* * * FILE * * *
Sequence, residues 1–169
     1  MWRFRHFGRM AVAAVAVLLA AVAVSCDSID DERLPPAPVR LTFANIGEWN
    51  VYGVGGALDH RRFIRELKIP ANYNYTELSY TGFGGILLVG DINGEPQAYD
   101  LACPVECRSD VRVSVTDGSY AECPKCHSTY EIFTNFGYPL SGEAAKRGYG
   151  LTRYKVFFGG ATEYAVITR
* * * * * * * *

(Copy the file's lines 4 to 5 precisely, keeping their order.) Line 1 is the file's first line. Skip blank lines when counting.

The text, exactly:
   101  LACPVECRSD VRVSVTDGSY AECPKCHSTY EIFTNFGYPL SGEAAKRGYG
   151  LTRYKVFFGG ATEYAVITR